However, Republicans do not want this decision to stand and are instead trying to tear down this key portion of the Civil Rights Act. The Republican National Committee, who intervened in the lawsuit, appealed the decision to the 3rd Circuit. The decision to count undated and incorrectly dated ballots is now paused pending the 3rd Circuit’s decision.

Now, Republican attorneys general are entering the fold in an attempt to overturn this victory for voters.

Republican attorneys general are an increasingly active and organized anti-voting group who have been using amicus briefs to promote fringe legal theories and anti-voting policies across the country. 

In this case, none of the 17 attorneys general who signed onto the brief represent states in the 3rd Circuit. Attorneys general from Alabama, Arkansas, Georgia, Idaho, Indiana, Iowa, Kansas, Louisiana, Missouri, Montana, Nebraska, North Dakota, Ohio, South Carolina, Texas, Utah and West Virginia are interfering in this litigation to attempt to disenfranchise voters who they do not even oversee. The 3rd Circuit’s ultimate decision will only impact Pennsylvania, New Jersey, Delaware and the Virgin Islands.

Republicans argue that the district court erred by allowing private individuals and organizations to sue under the Materiality Provision and interpreting the provision too broadly. Attacks on who can sue under landmark civil rights laws — also known as a private right of action — are part of a larger trend that is becoming more and more mainstream within the Republican legal establishment. 

Republicans in this case are arguing that only the U.S. attorney general, not individuals or groups can bring claims under this provision. (The U.S. Department of Justice submitted a brief arguing that this is not the case.) As for the scope of the provision, the attorneys general argue that Congress did not pass the Materiality Provision to “target” “election integrity” laws, voter suppression laws Republicans pass under the guise of security. “Appellants have articulated the clear meaning of the statute. The district court’s ‘silly’ and seriously misguided interpretation should be rejected,” the brief concludes.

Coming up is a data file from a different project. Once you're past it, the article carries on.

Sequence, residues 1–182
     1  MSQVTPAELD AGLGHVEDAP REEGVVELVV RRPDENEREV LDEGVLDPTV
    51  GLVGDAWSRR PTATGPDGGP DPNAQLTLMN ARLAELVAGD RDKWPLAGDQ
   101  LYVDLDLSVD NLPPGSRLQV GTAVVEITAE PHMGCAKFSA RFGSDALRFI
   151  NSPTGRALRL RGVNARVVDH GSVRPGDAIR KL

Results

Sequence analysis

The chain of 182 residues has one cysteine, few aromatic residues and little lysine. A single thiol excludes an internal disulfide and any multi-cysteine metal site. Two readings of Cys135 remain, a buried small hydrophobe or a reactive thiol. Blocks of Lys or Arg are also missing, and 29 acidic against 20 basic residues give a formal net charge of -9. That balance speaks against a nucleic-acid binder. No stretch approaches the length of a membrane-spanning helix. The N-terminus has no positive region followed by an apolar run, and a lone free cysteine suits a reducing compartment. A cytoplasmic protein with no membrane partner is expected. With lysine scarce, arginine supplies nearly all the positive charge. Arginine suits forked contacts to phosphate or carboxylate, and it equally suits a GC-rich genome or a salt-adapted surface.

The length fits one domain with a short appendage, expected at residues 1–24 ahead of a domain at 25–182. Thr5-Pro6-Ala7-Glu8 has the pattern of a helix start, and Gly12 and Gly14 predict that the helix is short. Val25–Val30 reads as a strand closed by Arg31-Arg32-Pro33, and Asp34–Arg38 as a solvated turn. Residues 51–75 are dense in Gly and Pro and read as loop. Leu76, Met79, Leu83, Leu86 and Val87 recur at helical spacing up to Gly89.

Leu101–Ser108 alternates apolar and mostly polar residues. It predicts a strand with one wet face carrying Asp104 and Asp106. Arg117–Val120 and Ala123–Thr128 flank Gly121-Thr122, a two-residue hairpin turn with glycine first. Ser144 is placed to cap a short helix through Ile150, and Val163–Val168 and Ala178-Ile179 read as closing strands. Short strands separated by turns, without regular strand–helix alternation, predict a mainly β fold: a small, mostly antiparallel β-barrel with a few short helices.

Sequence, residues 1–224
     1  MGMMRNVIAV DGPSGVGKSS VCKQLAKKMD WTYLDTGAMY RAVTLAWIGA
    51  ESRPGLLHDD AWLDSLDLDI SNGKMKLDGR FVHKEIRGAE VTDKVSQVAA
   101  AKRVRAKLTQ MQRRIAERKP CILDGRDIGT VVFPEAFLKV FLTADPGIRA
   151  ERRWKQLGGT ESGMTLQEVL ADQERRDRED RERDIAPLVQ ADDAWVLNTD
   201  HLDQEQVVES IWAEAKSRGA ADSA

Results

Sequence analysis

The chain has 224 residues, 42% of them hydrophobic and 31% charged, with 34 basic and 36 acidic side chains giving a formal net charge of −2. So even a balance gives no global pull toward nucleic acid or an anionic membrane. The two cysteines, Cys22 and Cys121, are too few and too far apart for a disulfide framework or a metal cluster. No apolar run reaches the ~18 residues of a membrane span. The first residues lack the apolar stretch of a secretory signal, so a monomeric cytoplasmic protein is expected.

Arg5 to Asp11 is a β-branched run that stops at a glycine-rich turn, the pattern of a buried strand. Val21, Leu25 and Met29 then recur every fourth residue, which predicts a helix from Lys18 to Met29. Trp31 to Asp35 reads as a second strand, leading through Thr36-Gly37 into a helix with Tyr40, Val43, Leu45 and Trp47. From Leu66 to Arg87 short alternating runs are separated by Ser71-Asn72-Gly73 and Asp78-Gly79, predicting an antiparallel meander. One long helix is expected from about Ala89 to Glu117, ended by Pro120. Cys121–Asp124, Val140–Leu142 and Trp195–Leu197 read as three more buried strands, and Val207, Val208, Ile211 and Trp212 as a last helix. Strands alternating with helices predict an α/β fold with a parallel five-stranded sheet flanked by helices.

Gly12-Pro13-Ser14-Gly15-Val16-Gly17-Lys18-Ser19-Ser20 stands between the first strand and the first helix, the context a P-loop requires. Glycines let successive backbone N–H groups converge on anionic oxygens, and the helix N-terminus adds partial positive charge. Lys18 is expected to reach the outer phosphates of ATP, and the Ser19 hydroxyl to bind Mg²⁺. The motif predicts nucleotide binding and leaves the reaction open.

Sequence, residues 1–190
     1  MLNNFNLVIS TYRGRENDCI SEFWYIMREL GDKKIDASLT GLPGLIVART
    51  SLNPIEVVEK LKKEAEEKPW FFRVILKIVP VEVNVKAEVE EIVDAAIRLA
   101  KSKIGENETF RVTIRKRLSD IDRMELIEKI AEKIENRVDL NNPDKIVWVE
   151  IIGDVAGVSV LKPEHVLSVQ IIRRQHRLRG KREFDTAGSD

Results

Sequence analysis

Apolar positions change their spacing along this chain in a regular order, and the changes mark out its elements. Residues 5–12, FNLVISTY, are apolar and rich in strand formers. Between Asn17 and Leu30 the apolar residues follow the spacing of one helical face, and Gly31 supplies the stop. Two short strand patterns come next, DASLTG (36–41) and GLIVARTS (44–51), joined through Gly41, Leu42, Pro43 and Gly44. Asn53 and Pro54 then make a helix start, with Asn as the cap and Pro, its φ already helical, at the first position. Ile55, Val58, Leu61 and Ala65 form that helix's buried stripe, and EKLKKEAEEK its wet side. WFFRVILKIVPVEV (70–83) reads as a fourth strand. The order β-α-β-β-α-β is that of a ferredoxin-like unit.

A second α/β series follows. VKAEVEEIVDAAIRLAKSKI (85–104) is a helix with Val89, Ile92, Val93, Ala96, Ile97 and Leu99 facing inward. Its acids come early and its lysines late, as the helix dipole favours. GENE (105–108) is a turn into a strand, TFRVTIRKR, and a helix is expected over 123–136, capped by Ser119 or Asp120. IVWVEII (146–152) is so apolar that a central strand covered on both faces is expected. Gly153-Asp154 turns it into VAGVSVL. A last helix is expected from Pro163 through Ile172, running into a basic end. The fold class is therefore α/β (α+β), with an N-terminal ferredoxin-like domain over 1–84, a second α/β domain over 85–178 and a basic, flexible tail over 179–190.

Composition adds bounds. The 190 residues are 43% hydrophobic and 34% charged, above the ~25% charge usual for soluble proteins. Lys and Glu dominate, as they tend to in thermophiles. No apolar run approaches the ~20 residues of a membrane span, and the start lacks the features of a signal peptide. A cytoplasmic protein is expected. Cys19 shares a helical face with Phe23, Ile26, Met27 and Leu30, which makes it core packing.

The underlying decision in this case is a huge victory for voters and stands to prevent the unnecessary disenfranchisement of thousands. As Democrats and pro-voting forces continue to fight for a more just and inclusive democracy, Republicans continue to tear away at its fabric and mock court decisions with which they do not agree. This brief is the perfect exemplar of both this phenomenon and  a reminder of one of the many ways democracy remains on the docket in 2024 as this case could be crucial for ensuring every ballot is counted in an important swing state, Pennsylvania. 

Read the amicus brief here. 

Learn more about the case here.

Read more about an amicus brief Republican attorneys general submitted in a different case here.